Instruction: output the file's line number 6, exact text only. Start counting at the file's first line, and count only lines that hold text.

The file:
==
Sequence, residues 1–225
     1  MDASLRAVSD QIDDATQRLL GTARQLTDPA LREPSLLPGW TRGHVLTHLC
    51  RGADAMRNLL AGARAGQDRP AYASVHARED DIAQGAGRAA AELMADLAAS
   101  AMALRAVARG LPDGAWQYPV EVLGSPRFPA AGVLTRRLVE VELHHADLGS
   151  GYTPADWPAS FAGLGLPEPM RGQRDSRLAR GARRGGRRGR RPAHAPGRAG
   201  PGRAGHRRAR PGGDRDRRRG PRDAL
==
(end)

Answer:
   201  PGRAGHRRAR PGGDRDRRRG PRDAL